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“Wish I Was Here” – Review (SO-SO)

July 18, 2014

Screen shot 2014-07-18 at 10.27.31 AMThe summer of 2004, I was a freshman about to become a sophomore in high school, I remember seeing remember seeing “Garden State” in the theaters that year. I remember seeing this movie, fueling my mind with the potential outlook of what the life a 20-something year old might be. It captivated me, I was nervous about the potential lack of career, and I was excited about the prospects of finding love, much to what Zack Braff’s Andrew was going through in the film.

Now, we fast-forward 10 years later, with Braff returning to the directors chair for his sophomore film, telling the story of a 30-something-year-old, and how life is even harder than 20-something. Problem is, the movie is focusing on too many problems it can’t find a pinnacle focus that his first film managed to accomplish.

Aidan Bloom (Braff), a struggling actor, father and husband, at 35 is still trying to find his identity. He winds up trying to home school his two children, Tucker (Pierce Gagnon) & Grace (Joey King) when his father (Mandy Patinkin) can no longer afford to pay for private education and the only available public school is on its last legs. Through teaching them about life his way, Aidan gradually discovers some of the parts of himself he couldn’t find before.

I can see what Braff was trying to accomplish, he’s trying to do his own Woody Allen dramedy, and at times it works in a modest way, but then there are times when it’s too full of itself. The heavy themes of life & death, religion & spirituality, pursuit of happiness, etc. etc. is all fine and dandy, but if you’re overloading your plate, there’s no way you can finish it with satisfaction.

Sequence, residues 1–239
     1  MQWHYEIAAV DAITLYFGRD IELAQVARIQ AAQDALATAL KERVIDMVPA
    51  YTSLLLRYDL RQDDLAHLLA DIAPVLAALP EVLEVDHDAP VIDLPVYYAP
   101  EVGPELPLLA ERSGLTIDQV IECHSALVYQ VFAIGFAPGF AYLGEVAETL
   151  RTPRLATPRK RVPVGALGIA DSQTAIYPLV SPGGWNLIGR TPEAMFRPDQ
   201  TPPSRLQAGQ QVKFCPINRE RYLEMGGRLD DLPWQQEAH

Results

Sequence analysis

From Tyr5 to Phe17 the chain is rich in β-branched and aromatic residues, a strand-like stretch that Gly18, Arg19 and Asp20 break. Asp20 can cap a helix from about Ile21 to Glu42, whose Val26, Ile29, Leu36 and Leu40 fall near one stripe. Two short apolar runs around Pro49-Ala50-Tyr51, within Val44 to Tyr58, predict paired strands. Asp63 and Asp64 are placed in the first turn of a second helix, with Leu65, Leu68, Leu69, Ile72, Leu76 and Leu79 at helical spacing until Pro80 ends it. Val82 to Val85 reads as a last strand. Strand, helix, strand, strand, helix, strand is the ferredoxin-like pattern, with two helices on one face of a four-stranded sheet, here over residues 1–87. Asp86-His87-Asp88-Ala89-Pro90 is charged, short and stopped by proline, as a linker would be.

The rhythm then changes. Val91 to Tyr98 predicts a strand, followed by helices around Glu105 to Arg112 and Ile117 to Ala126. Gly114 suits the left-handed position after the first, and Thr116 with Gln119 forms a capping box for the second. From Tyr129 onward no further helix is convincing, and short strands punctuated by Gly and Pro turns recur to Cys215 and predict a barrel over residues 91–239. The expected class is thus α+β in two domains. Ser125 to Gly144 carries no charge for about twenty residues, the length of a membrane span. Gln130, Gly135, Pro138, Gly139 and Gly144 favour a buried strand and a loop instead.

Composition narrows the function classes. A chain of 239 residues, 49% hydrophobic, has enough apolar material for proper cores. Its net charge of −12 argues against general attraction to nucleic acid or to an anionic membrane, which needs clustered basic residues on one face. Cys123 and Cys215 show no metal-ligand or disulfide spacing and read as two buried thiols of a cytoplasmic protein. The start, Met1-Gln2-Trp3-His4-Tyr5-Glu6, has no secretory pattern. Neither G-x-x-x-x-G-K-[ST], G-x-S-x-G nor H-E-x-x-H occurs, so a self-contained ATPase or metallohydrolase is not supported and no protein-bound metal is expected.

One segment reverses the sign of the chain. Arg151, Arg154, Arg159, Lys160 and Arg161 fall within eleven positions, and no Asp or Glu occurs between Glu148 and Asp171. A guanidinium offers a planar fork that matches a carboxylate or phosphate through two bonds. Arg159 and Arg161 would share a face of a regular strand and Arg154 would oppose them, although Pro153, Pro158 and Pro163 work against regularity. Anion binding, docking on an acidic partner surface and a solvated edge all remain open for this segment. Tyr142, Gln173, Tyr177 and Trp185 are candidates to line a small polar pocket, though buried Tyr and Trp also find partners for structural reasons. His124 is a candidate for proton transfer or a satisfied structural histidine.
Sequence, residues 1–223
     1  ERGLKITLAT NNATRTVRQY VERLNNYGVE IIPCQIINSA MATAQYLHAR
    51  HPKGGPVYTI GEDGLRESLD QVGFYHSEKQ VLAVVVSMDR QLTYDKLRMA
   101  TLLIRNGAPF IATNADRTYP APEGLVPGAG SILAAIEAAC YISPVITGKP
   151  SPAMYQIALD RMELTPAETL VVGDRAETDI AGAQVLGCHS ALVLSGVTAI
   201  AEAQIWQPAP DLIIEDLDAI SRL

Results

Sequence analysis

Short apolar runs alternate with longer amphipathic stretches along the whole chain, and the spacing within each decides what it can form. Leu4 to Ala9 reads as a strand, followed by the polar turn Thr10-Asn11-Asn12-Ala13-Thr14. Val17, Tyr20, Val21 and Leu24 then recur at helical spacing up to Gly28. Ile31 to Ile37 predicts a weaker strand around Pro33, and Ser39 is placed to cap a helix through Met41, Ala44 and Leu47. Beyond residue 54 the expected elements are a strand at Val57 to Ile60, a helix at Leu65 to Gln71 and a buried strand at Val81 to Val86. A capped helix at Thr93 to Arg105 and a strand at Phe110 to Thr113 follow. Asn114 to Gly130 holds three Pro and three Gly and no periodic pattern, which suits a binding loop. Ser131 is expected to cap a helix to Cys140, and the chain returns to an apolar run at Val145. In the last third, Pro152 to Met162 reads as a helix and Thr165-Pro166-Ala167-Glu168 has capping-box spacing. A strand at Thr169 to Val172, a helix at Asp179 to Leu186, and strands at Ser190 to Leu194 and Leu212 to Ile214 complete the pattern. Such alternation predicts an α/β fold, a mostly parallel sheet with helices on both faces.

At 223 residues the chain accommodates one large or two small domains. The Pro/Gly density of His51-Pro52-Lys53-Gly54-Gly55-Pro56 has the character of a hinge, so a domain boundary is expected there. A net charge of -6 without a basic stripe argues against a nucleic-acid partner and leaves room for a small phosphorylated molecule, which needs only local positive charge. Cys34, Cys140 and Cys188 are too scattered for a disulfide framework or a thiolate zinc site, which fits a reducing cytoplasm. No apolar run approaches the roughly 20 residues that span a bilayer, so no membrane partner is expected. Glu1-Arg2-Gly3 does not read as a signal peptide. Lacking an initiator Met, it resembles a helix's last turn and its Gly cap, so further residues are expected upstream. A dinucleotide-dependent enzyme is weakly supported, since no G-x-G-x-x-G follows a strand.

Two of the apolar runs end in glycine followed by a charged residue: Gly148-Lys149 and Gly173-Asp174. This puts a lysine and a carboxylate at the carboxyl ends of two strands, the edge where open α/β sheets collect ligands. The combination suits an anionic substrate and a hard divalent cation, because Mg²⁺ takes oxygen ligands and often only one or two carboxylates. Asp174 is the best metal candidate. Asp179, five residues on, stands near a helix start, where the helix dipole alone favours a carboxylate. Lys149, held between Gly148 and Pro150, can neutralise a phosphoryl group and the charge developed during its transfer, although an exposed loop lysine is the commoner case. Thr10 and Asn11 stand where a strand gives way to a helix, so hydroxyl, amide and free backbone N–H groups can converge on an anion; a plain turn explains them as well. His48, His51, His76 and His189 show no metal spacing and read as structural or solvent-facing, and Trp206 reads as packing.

I come from a (somewhat) Jewish background, no I’m not religious, and I can somewhat identify with Braff’s character about something out there being more transcendent than the idea of God, but damn dude, there’s no need to be this preachy. The daughter character is perhaps the most poorly conceived character of the film, her constant pushing and shoving about her Jewish heritage and her dilemma about whether or not what she’s doing is right, it becomes tiresome and annoying.

Screen shot 2014-07-18 at 10.27.39 AMThe element of death in this film was handle maturely, that much I can agree on. The father-son dynamics I found identifiable, I can empathize with Aidan’s dreams and I can also empathize with Aidan’s father, Gabe, about him telling his son to find an actual career to support yourself and your family. There’s a fine grey line brought up in this film, choices that we have to make that are not as easy as they appear. Do we turn to god? Do we turn to our love ones? Our friends? Where can we find the answers?

“Wish I Was Here”, may not get everything right, but it brings up some good questions, and will leave you asking yourself those question after watching the film; for better or worse. I’m not sure why people have to hate on Braff, especially after the Kickstarter campaign, in a way I can see why he would turn to his fan base to fund this movie, a movie like this doesn’t really compare to “Garden State”, most of it doesn’t come off as film that many 20-something may be able to identify with. For me, I’m still split on this movie, I didn’t have the same reaction as when I saw “Garden State”, but maybe that’s the whole point.


Special thanks to Hilary Webber for attending the screening and sharing her input.

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